Stephen Harper never tires of reminding people that he’s an economist. Whether the subject is taxation, equalization, interest rates, deficit spending or private-sector bailout, the prime minister likes to lead with his academic credentials. And for the first three years of his government, he was generally considered a reliable friend of business.
He cut business corporate taxes, signed numerous free trade agreements with the likes of Panama, the U.A.E. and Colombia, and continued to pay down the debt. It all seemed part of a steadfast approach to economic stewardship that he had spent much of his political career articulating.
Ever since he spoke at the Reform party’s inaugural convention in 1987, Harper has championed smaller government, tax cuts, privatization and reduced public-sector spending. As leader of the Canadian Alliance he made these ideas the party’s bedrock, and carried them through into the founding of the new Conservative Party of Canada. At the latter CPC’s national convention in 2004, he promised that he would “strive to make this not the highest-spending country in the world, but instead the lowest taxing one.”
His highest-profile tax cut was controversial — the plan to trim the GST from 7% to 5% was criticized by some economists who favoured an income tax reduction. But in politics, a tax cut is a tax cut, says Swift. “You can argue that it may not have been the optimal tax reduction,” he says, “but I don’t care.” Harper’s lone early misstep in his first term was breaking an explicit promise not to tax income trusts. The decision sparked outrage among a vocal group of small investors and won him few friends in his home riding in Calgary, where the trusts had sparked a mini-boom. But even that move didn’t do much lasting damage, since most in the business community were in favour of it and saw the surging growth of income trusts as a threat to the country’s future competitiveness.
On all of the more substantive priorities, Harper delivered. He rode into power with the luxury of balanced budgets engineered by the Liberals, and was thus able to reduce taxes and introduce investment reforms without any real fiscal consequences. One of his major accomplishments has been to begin the process of lowering the corporate tax rate to a projected 15% by 2012 from 22.12% in 2007. According to the Department of Finance, this means Canada will soon have the lowest statutory tax rates in all of the G7.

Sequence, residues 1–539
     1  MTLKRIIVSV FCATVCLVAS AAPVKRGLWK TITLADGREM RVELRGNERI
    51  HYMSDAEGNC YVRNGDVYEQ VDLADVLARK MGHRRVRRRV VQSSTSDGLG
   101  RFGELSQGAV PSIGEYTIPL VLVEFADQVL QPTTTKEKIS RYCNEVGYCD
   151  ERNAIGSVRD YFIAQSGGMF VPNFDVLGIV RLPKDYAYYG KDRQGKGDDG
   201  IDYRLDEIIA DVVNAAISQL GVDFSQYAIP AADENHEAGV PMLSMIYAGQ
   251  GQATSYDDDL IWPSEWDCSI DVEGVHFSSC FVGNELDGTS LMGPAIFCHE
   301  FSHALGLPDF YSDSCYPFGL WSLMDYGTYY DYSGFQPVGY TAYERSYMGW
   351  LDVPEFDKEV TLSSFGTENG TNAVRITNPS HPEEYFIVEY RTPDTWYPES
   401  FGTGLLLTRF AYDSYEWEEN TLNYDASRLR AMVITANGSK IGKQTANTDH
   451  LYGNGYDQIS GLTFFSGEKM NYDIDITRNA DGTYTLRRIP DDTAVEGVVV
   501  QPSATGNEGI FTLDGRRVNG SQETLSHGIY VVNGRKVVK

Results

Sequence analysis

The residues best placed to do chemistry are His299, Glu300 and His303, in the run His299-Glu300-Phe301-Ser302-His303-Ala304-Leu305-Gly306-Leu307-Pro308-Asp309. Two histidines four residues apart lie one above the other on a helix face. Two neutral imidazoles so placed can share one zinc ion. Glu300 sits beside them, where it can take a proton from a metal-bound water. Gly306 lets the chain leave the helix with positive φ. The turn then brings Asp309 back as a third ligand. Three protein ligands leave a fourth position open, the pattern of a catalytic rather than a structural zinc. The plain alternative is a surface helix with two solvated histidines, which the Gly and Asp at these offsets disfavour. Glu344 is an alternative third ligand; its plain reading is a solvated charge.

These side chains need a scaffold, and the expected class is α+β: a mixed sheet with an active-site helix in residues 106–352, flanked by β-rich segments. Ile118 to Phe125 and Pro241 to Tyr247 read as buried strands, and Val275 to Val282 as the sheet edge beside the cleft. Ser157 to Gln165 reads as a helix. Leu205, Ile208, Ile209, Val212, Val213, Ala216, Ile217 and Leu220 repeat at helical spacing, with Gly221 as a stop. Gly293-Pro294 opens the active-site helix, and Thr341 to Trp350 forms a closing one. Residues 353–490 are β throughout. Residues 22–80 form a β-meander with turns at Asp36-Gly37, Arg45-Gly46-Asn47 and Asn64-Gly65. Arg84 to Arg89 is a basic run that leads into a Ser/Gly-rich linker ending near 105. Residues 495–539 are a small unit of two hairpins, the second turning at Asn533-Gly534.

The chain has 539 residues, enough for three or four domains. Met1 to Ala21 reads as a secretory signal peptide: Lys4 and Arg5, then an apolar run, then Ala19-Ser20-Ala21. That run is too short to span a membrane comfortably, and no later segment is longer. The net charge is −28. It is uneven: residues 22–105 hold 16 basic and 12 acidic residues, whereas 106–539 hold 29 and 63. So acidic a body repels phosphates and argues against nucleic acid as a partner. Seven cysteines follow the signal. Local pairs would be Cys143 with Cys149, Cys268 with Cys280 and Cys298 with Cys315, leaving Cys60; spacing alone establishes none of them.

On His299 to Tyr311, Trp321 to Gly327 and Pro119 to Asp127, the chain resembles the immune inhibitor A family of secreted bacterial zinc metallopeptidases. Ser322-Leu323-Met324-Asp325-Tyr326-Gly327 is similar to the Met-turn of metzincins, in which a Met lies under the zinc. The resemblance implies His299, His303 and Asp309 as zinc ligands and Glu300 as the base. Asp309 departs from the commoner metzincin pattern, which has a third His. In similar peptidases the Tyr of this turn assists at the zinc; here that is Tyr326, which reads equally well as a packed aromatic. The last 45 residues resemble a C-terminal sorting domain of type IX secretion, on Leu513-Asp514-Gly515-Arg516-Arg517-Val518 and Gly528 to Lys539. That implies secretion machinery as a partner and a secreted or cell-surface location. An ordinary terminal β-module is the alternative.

Even so, to hard-core fiscal conservatives, there were worrying trends beneath the surface. Harper’s vaunted spending restraint never materialized. In fact, the federal budget unveiled last January was the highest-spending budget in Canadian history, and included funding to create a regional development authority for southern Ontario — exactly the kind of big government spending program that Stephen Harper the Reformer would have decried.
It seems that once the recession hit, all bets were off. Harper agreed to pump $10.5 billion into the North American auto sector and ended up owning 7.3% of General Motors and 1.7% of Chrysler. After initially insisting that the budget would remain balanced, the Conservatives eventually conceded that falling tax revenues and the need to create a $40-billion fund to stimulate the economy would push the country back into deficit. Since then, the size of that deficit, and the amount of time required to eliminate it, has steadily crept higher. Needless to say, the business community is restless. This isn’t the party of prudent spending and small government anymore. Even some of Harper’s longtime allies say his principles have been compromised by the realities of an economic crisis, complicated by the demands of surviving a minority parliament.